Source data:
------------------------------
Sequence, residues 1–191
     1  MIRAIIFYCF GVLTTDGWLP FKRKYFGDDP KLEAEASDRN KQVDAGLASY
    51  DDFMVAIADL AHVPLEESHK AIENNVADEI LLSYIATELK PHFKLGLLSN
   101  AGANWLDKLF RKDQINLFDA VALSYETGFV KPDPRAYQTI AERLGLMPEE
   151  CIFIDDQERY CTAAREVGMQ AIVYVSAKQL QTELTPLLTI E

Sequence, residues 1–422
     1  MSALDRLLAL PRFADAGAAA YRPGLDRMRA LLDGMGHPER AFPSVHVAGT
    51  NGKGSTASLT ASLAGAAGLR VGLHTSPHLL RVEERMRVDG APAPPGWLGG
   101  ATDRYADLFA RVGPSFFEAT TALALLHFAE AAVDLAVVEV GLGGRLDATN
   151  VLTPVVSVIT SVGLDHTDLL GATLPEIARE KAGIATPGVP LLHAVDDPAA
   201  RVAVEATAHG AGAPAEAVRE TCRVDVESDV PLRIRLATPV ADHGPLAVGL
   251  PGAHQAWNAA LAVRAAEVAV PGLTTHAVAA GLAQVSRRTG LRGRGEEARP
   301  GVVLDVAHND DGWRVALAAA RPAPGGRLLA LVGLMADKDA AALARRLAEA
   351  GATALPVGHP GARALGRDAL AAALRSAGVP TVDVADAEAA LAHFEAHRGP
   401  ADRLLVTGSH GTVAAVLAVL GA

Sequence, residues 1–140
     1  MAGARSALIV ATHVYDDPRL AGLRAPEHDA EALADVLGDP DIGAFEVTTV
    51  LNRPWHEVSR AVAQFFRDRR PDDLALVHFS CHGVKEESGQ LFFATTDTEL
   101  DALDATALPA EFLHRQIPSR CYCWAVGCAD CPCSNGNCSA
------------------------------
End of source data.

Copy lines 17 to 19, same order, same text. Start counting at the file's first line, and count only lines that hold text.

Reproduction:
     1  MAGARSALIV ATHVYDDPRL AGLRAPEHDA EALADVLGDP DIGAFEVTTV
    51  LNRPWHEVSR AVAQFFRDRR PDDLALVHFS CHGVKEESGQ LFFATTDTEL
   101  DALDATALPA EFLHRQIPSR CYCWAVGCAD CPCSNGNCSA